One minute, a crowd of cranky people waited impatiently for their double-tall lattes and grande 180-degree, one-and-a-half Equal cappuccinos, the next minute . . . well, I don’t want to exaggerate. No one ran for the exits, but when I looked up from the bar only two people waited for their drinks. A guy who just paid stood at the register. Everyone else had taken their caffeine Jones to greener pastures. Or more to the point, a coffee shop that didn’t smell like a truck stop bathroom.

The light went on for Janet. Once she understood Dane’s problem, his words were clear. She happily handed over a roll of T.P., asking only that Dane take it with him and stop leaving more personal deposits on the floor for us to clean up. He wanted to hang around and express gratitude; Janet assured him it wasn’t necessary. As Dane made his way out, the lumps finally stopped rolling down his leg. Still, he left a good-sized liquid trail almost to the door.

Understand, cleaning crews cost money. If you’re not a multi-million dollar store (and to make millions of dollars a year in coffee is a lot a lattes), then you don’t get one. Therefore, at Starbucks throughout the land, the hands that scrub the toilets and pick gum out of urinals are the same hands that make your macchiatos (side note: I once hung signs in our bathrooms expressing this and they got a whole lot cleaner. When touring corporate big wigs saw the sign, they told me to take it down. Doubtless, their offices have cleaning crews).

To recap, we had four piles of fun on the floor and one good-sized trail to the door. We also had five first aid kits. Kits with a package for cleaning up biologically hazardous materials. Five kits of something that we had not needed in the twenty-four-plus months I’d been doing the job. Five kits that we received only through miscommunication and Corporate Hairball business-as-usual. Five kits which had finished arriving that very week.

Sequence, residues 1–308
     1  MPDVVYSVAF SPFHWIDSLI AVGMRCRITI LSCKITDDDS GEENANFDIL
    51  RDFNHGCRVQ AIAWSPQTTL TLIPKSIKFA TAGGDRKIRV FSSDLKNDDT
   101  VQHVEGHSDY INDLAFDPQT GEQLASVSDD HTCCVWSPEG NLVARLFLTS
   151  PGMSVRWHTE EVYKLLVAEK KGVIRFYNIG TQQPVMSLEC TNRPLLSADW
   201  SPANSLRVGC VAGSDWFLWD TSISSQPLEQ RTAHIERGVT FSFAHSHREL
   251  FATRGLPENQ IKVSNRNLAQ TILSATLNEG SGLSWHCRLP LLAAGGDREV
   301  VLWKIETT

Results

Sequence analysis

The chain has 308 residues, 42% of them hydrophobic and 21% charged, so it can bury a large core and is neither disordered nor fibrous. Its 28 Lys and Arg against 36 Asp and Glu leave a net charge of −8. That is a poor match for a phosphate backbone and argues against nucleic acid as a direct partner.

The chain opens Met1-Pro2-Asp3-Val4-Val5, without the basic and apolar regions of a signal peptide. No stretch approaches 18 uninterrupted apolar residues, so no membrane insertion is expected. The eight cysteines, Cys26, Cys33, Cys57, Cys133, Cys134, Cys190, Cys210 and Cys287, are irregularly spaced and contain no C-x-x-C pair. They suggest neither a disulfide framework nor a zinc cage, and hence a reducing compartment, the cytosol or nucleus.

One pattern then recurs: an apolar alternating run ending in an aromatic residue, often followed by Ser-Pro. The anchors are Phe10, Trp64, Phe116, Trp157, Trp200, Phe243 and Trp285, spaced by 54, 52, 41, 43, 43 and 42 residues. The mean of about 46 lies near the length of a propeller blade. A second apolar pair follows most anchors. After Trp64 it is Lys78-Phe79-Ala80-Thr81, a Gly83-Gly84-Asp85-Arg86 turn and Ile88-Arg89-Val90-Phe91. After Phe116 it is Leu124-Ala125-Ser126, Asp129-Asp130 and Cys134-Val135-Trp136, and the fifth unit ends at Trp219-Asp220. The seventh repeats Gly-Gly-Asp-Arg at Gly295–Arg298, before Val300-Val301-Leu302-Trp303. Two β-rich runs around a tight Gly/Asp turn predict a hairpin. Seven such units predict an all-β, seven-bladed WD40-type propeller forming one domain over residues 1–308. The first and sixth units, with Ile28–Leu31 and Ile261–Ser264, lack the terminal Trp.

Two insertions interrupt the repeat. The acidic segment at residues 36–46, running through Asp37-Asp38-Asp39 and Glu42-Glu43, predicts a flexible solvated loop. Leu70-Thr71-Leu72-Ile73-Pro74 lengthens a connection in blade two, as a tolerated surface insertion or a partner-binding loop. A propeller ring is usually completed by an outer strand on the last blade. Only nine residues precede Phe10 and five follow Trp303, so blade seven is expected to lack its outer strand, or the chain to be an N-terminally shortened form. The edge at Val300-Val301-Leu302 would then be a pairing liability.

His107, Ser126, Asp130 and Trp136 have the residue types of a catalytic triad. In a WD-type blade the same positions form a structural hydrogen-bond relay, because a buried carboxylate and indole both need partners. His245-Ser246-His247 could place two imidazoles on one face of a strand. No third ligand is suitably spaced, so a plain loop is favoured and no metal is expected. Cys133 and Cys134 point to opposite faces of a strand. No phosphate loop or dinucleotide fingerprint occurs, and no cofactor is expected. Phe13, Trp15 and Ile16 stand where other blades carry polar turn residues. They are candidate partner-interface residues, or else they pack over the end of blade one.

Five bio-hazard kits, five craptastrophes. Coincidence, or providence?

We sprang into action. By we, I mean mostly me and Janet. As managers, we were expected to do that kind of stuff. There are managers who become managers so they can order others to do stuff like that for them; they’re called assholes. I’m just an asshole sometimes, but I’m not a major asshole, and Janet wasn’t even remotely an asshole, so we just did it. Also, I can only breathe out of one nostril. My sense of smell isn’t so great, so I’m ideal for that kind of stuff. We had the place clean and ready for customers again in no time.

My friend Amanda was working there at the time. When we tell the story, she says, “I thought, ‘Unless they want to be cleaning up shit and vomit, I better stay on this side of the bar.’”

I’m struck at how often Amanda and I relate this story to the general merriment of others. If the point of having so many kits available was to clean up after Dane, maybe the point of having Amanda and I working on the same night was so we would always be able to spread laughter when we come together, and share the time we saw God’s design.

You might not understand it when you’re elbows-deep, but give it time. There is a plan for the mess you’re going through.

1 comment:

  1. you aint kiddin.

    I know that story because Stacie told me it so many years ago. I'll never forget it and have retold it a few times. Beth probably even knows it.